Arizona's largest comic convention has closed the doors to volunteers -- except for those who are willing to pay for the privilege.
Credit: Gage Skidmore / Flickr
Phoenix Comicon and its parent company Square Egg Entertainment have partnered up with Blue Ribbon Army, a fan club-turned-social group, which registered as a non-profit this year. From now on, anyone wanting to volunteer as a staff member at Phoenix Comicon will have to become a paid member of Blue Ribbon Army, with memberships starting at $US20+ ($28) ($28) per year. Phoenix Comicon's organisation also laid off three directors, including one who'd worked there since 2007, as part of the change.
Matthew Solberg, Convention Director of Phoenix Comicon, told previous staffers in an email that they're implementing the new system because more and more volunteers were showing up to collect badges without doing the work, and there was no way to prevent it from happening again "under the existing structure."
Phoenix Comicon has surged in popularity over the past decade, becoming one of the top comic conventions in the country in a pretty short amount of time. When it started back in 2002, about 400 people paid $US3 ($4) to get in. In 2016, over 100,000 attended. Granted, such an attendance boom requires changes to volunteer structures; especially if, as Solberg claimed, dozens or more staff members weren't doing their assigned work. However, it's strange that their best solution was to make people pay to be on the list, when larger conventions like San Diego Comic-Con still have volunteer staffs.
There aren't a lot of organisations in the U.S. that charge volunteers, but they do exist. However, most of them are non-profits themselves, and do so in order to keep the doors open. In 2011, the Kansas Humane Society started charging a $US15 ($21) membership fee for volunteers, but it's one-time only and isn't required for current members or children under 18. Plus, it's a risky move. Charging volunteers has been shown to discourage more people from signing up and can reduce their satisfaction in helping, especially younger people.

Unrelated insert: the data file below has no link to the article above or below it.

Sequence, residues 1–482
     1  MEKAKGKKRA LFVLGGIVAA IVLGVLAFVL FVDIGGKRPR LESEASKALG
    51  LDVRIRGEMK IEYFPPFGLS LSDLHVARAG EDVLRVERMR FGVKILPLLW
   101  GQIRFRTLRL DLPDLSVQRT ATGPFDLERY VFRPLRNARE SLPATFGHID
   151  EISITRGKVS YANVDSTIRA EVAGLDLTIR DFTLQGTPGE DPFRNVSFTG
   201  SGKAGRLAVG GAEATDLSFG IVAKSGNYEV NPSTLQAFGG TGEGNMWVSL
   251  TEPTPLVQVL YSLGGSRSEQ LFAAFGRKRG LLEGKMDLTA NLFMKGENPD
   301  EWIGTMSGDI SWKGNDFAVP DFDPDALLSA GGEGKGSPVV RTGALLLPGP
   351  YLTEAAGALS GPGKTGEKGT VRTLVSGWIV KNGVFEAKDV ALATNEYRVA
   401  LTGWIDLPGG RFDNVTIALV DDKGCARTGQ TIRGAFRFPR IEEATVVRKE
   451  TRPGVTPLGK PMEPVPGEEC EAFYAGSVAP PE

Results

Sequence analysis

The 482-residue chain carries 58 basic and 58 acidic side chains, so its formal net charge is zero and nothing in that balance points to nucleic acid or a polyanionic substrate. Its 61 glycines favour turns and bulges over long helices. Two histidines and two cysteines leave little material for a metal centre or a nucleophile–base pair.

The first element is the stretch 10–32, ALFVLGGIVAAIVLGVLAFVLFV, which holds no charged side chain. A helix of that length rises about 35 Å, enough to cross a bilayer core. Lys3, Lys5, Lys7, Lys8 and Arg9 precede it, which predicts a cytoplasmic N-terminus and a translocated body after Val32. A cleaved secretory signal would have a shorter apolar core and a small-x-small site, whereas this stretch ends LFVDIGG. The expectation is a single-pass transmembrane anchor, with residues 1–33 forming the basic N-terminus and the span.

Blue Ribbon Army's booth at Phoenix Comicon / Credit: Facebook Phoenix Comicon is not a charity organisation, but Blue Ribbon Army is the one receiving the funds, and it is a non-profit. However, it's still not clear what exactly the fees are going toward, apart from a blanket statement about off-setting the cost of events and merchandise. In addition, previous volunteers don't get an exemption, nor is there an alternate route for those who can't afford the annual $US20+ ($28) ($28) fee. That might not seem like a lot of money, but Arizona has one of the highest rates of poverty in the nation -- especially in Phoenix, where almost one of every six people live at or below the poverty line.
The biggest problem of all is membership doesn't even guarantee a volunteer position, only a spot on the list.
Phoenix Comicon's directors and managers will be responsible for selecting volunteers from the list provided by Blue Ribbon Army. The con is hoping for a staff of 1,300 at 2017's event in May, and then it wants to reduce to 950 volunteers by 2018. That means at least 400 people who volunteer in 2017 might not get the chance to next time around, even if they have paid for it. If that's the case, might as well pay $US55 ($76) for an event pass, or $US20+ ($28) ($28)+ for single-day tickets, instead of paying to enter a lottery.
We reached out to Blue Ribbon Army and Square Egg Entertainment with some additional questions, and we'll let you know when we hear more.
This story originally appeared on Gizmodo Australia.